6 16 Goldmater Institute Standard and Poor sss Arizona can expect approximately $100 million per year-a 1.7 percent goose to annual revenue of the state s General Fund. (The state already has over $35 million waiting for it in an escrow fund.) illionr of Figure 1. Payments to Arizona from the Tobacco Settlement L To start the money flowing, Arizona has to reach finality in its suit against the tobacco companies. Finality is attained when the state and its political subdivisions drop their lawsuits against the tobacco companies. Finality in Arizona is being held up by twelve counties that are seeking to intervene in the state s lawsuit and to alter or amend the judgement. The counties do not want to release their claims against the tobacco companies, as the settlement requires, without the assurance that they will receive a share of the payment. Prior to the creation of AHCCCS in 1981, the counties were primarily responsible for indigent health care, and they still carry 30 percent of the State s share of Medicaid costs. If Arizona does not reach finality by December 31, 2001, it will be terminated from the settlement.37 Finally, there is the question of how long the payments will keep flowing. The settlement stipulates payments in perpetuity, however the market in the 36 A 10 percent decrease in shipment volumes in 1999, a 3 percent decrease in 2000, a 2.5 percent decrease in 2001 and a 2 percent annual decrease thereafter. Federal Funds Information for States (1999) Estimating Tobacco Payments, Issue Brief 99-16, August 20. t Arizona Health Care Cost Containment System. Arizona s version of Medicaid. 37 Arizona Capitol Times (1999) County Group Cdntinuing Suit On Tobacco Funds, November 11, p. 17; Maricopa County et al. Rule 59 Motion to Alter or Amend the Judgement or in the Alternative for New Trial, and Motion to Intervene as Additional Plaintiffs, State o/arizona et al. v. American Tobacco Co. Inc., et al., C.V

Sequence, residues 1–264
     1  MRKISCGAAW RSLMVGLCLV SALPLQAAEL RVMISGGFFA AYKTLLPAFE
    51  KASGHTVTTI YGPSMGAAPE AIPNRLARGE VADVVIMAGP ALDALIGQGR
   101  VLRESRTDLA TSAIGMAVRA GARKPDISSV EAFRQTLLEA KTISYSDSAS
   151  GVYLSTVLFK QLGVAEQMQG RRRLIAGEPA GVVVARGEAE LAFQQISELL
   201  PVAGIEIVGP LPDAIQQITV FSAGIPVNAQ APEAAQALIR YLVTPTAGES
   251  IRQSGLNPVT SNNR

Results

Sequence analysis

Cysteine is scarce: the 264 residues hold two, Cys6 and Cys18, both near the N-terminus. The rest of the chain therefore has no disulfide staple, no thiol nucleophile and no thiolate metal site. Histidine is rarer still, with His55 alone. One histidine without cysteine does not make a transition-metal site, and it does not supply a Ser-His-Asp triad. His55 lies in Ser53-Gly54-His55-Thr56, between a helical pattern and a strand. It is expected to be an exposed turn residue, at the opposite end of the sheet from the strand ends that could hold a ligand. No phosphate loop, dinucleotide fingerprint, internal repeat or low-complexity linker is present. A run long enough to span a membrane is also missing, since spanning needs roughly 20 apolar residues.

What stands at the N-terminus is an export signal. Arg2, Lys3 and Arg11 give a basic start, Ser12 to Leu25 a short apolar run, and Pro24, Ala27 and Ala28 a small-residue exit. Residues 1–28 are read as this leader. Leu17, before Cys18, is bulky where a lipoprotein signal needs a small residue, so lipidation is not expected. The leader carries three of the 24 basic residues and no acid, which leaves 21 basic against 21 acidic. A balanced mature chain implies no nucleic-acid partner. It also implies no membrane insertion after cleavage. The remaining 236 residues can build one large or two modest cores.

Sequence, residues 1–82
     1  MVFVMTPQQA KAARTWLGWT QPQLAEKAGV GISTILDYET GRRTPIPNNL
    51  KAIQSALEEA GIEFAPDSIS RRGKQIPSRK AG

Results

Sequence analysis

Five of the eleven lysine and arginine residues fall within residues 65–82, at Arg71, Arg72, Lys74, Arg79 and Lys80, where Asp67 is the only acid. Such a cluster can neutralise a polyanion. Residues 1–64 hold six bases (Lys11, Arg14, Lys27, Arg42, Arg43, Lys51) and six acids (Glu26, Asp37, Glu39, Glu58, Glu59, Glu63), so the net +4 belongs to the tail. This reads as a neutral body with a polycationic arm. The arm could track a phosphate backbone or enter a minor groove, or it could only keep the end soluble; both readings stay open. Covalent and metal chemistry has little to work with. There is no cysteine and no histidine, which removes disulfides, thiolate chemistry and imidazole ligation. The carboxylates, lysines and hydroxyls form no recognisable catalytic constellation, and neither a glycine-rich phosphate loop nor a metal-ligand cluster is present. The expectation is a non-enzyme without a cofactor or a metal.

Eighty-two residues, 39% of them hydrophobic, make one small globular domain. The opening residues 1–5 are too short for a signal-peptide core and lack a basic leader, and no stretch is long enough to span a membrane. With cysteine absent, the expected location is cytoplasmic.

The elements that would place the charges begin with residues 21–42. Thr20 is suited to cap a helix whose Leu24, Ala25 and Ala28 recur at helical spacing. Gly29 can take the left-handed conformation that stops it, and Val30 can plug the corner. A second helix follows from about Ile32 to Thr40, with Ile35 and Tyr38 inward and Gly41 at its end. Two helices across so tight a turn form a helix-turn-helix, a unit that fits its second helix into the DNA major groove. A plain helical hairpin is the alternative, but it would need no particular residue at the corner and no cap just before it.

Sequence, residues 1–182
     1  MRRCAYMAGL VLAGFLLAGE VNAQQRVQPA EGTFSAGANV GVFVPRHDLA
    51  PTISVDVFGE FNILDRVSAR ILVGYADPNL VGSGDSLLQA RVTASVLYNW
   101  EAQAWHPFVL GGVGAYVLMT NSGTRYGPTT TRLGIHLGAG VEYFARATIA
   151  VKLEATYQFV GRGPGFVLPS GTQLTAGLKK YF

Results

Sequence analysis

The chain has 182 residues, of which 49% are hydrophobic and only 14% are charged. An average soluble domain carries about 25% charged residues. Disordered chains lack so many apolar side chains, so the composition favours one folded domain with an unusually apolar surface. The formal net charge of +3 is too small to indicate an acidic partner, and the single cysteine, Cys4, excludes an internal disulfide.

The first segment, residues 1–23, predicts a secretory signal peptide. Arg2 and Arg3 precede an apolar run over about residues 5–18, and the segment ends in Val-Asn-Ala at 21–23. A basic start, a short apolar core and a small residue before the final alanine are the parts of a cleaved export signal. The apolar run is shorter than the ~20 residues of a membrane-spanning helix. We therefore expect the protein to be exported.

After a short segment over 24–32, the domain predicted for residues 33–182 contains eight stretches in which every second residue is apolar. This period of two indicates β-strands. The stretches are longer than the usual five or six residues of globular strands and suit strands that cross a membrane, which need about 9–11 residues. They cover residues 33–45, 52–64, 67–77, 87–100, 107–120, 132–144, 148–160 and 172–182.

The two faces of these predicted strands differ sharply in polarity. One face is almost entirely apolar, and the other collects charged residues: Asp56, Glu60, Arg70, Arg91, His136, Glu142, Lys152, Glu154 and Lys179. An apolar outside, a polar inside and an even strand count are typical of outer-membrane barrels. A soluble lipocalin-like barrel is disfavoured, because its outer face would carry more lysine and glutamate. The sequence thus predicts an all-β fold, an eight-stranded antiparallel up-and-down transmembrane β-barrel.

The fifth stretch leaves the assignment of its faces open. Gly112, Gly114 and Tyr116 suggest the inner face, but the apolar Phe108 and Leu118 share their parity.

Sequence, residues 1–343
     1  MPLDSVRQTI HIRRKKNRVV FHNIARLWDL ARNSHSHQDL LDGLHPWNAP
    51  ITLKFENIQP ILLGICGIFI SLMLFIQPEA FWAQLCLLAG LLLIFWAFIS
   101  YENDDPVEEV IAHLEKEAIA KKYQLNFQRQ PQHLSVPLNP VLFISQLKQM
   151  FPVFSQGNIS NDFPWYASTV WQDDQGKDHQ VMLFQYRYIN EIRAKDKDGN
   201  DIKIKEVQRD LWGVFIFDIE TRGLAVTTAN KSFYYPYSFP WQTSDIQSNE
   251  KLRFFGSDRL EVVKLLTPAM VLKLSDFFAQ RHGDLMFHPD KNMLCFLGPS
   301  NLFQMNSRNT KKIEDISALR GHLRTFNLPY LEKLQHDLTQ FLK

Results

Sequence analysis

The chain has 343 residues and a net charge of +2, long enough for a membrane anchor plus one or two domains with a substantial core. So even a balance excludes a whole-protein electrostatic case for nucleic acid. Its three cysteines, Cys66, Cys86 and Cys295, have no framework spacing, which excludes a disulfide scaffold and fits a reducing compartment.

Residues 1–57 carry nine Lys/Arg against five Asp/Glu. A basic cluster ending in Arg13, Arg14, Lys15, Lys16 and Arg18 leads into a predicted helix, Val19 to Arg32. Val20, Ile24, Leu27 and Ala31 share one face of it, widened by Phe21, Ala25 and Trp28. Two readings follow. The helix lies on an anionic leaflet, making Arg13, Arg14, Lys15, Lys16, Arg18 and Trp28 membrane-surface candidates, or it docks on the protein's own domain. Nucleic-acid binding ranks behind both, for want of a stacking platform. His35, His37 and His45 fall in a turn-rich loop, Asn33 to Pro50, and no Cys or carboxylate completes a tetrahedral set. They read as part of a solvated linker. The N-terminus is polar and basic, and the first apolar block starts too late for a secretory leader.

7 United States is shrinking, and other parties-health insurers, the Indian nations, private individuals and a handful of foreign countries are also suing the tobacco companies for what,they believe is fair compensation for damages. It is too early to tell what the effect of all the attorneys general and their copycats may be, but it is doubtful that they will drive the tobacco industry into oblivion to join the manufacturers of whalebone corsets, top hats and steam locomotives. There will likely always be a rump of smokers and a market to serve them. It may be that the states settle into a long and cozy symbiotic relationship with a tobacco cartel created and sheltered by the settlement. The settlement has already allowed tobacco companies to coordinate a price increase, and the marketing restrictions will help them to preserve market share. What to Do with the Money The prospect of $100 million a year forever has naturally pricked up the ears of special interests that want to spend public money. In other states there have been calls to spend the money on water projects, jails, roads, schools and tobacco farmers. But most of the proposals have called for spending the money on health, broadly defined to include such programs as family mentoring and parent education. Such plans, in effect, take money from low-income people and give it to social workers, government employees and health care workers-all in the name of helping primarily low-income people. A better way would be to give the money back to the people in the form of tax credits. That way the people themselves, and not legislators, bureaucrats or lobbyists can decide how to spend the money to maximize their benefit. Action in Other States State and local governments are planning to use their windfall from the settlement to increase spending on a variety of programs ranging from jails to water.projects to education and health care. As of October 1999, 21 states have allocated their share of the money. Of the funds allocated, over 30 percent have gone to health care services including funding for health insurance for children, prescription drugs for seniors and health promotion programs. Twenty-three percent has been given to education-michigan has earmarked 75 percent of its share for college scholarships. Ten percent is spent on non-health related children s services, and 9 percent for programs for the elderly.38 Left behind are smokers, the poor dupes who-according to the attorneys general and others-chose to believe a handful of tobacco company executives about the dangers of smoking instead of their friends, relatives, neighbors, doctors and the government. Now they are irredeemably hooked, so it is believed, yet only 11 L. 38 National Conference of State Legislatures (1999) State Legislatures Prepare to Receive Tobacco Settlement Funds, News Release, November 16, David Gary (1999) Skepticism rises as tobacco settlement payout nears, The Arizona Republic, November 21, p. A25